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Duty-Free Treatment for Folklore Articles and Ethnic Fabrics from Benin

Wednesday, June 19, 2013
Sandler, Travis & Rosenberg Trade Report

The Committee for the Implementation of Textile Agreements has determined that the following textile and apparel goods produced in and exported from Benin will be treated as folklore articles and ethnic printed fabrics and qualify for duty-free treatment under the African Growth and Opportunity Act. CITA has therefore directed U.S. Customs and Border Protection to allow, effective June 14, the duty-free entry of such products under HTSUS 9819.11.27 when accompanied by an AGOA export visa for grouping 9 (handmade, hand-loomed or folklore articles or ethnic printed fabrics) issued by the government of Benin.

Bomba: Made of cotton and/or synthetic fibers. Hand-woven on manually-operated looms, then hand or machine stitched. There are also fringes on the end of the sleeves and the bottom of the shirt. The shirt extends beyond the waist, has a pocket and an open neck that stays closed, and the sleeves extend a little past the elbow. The embroidery is around the neck, down the neck opening to the chest, and on top of the pocket. The pants are baggy and have no embroidery. The pattern of the ensemble is houndstooth and the colors are variable, white and black.

Barmassou (Daunchiki): Made of cotton and/or synthetic fibers. Bands are hand-woven in manually-operated looms, then machine stitched together to form a wider substrate. This is a three-piece garment for men – hat, loose fitting outer garment that extends from the thorax to the knees, and baggy pants. Patterns can vary but are usually plain weave. Colors are usually white and sometimes black and white.

Boubou (Batik Peulh or Aizo): Made of cotton textile amassed, hand or machine assembled and hand dyed with repetitive patterns. This is a one-piece dress for women and is loose fitting with sleeves going to or a little past the elbow and the bottom of the garment going slightly past the knees. The edges of the sleeves and the bottom usually have fringes. Patterns and colors vary.

Daunchiki: Made of cotton and/or synthetic fibers. Bands are hand-woven in manually-operated looms, then machine stitched together to form a wider substrate. This is a three-piece garment for men – hat, loose fitting outer garment that extends from the thorax to the knees, and baggy pants with a cord that acts as a belt. Patterns are stripes of “fakle issile.” Colors are usually white and sometimes black and white.

King’s hat (Daa zaa): Made of cotton. This is a cap for men. It is cylindrical in shape. It has various patterns and designs and colors.

Peulh: Made of cotton from manually-operated loom. This is a one-piece dress/robe for women and is loose fitting with sleeves ending at the shoulder and the bottom of the dress/robe going to the mid-shin level. This dress also has a slight v-neck that can be closed at the top with a loop and bottom. Colors and patterns vary.

Tako: Made of cotton bands hand-woven in manually-operated looms, then hand and/or machined stitched together to form a wider substrate. This is a three-piece garment for men – hat, loose fitting outer garment that extends from the thorax to the feet, and baggy pants. Patterns are a mix of guinea fowl and bakoko. Comes in various colors, usually with vertical strips.

Tako (Grand Baubou): Made of cotton bands hand-woven in manually-operated looms, then hand and/or machined stitched together to form a wider substrate. This is a three-piece garment for men – hat, loose fitting outer garment that extends from the thorax to the feet, and baggy pants. The pattern varies and is usually plain weave. The colors are typically white and black and white.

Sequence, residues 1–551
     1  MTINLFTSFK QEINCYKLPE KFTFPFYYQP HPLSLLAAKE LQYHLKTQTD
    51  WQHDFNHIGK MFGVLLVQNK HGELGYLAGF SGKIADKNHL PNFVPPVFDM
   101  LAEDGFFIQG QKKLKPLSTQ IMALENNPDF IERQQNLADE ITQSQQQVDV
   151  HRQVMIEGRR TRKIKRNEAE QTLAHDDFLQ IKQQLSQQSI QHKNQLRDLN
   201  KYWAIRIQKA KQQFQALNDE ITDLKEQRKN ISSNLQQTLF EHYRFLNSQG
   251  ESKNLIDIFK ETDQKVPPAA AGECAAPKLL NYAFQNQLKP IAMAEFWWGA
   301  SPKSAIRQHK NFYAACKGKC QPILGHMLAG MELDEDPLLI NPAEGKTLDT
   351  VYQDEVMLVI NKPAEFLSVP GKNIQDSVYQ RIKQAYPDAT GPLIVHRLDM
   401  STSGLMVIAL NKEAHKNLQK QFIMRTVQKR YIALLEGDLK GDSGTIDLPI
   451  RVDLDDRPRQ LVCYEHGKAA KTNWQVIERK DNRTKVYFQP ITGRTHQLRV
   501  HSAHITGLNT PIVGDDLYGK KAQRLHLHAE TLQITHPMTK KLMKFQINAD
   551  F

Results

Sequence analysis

Tchanka (Cavaliers Pants): Made of cotton fabric hand-woven operated on looms by hand and machine stitched. The colors vary and the pattern is houndstooth then gbangbana. It is a loose fitting pants for men, consisting of baggy from the waist to approximately the knees and then tighter after the knees to the ankles.

Wanwolovo: Made of a mix of cotton and synthetic fibers. It is hand-woven from a manually-operated loom to form a chain of patterns. This is a three-piece garment for women consisting of a wrap that goes around the body above the breast area and under the arms going down to below the knees, another wrap hanging over one shoulder, and the last wrap wrapped around the head. It has a chain of patterns. These wraps can have fringes on the ends. Colors are blue, red and white but colors can vary.

Each ethnic print must meet all of the following criteria: selvedge on both edges; width of less than 50 inches; classifiable under HTSUS 5208.52.30or 5208.52.40; contains designs, symbols and other characteristics of African prints normally produced for and sold in Africa by the piece; made from fabric woven in the U.S. using U.S. yarn or woven in one or more eligible sub-Saharan beneficiary countries using U.S or African yarn; and printed, including waxed, in one or more eligible sub-Saharan beneficiary countries.

CITA notes that to qualify for preferential treatment these articles must be ornamented in characteristic Benin or regional folk style. Articles may not include modern features such as zippers, elastic, elasticized fabrics, snaps or hook-and-pile fasteners (such as velcro© or similar holding fabric). Articles also may not incorporate patterns that are not traditional or historical to Benin, such as airplanes, buses, cowboys or cartoon characters, and may not incorporate designs referencing holidays or festivals not common to traditional Benin culture, such as Halloween and Thanksgiving.

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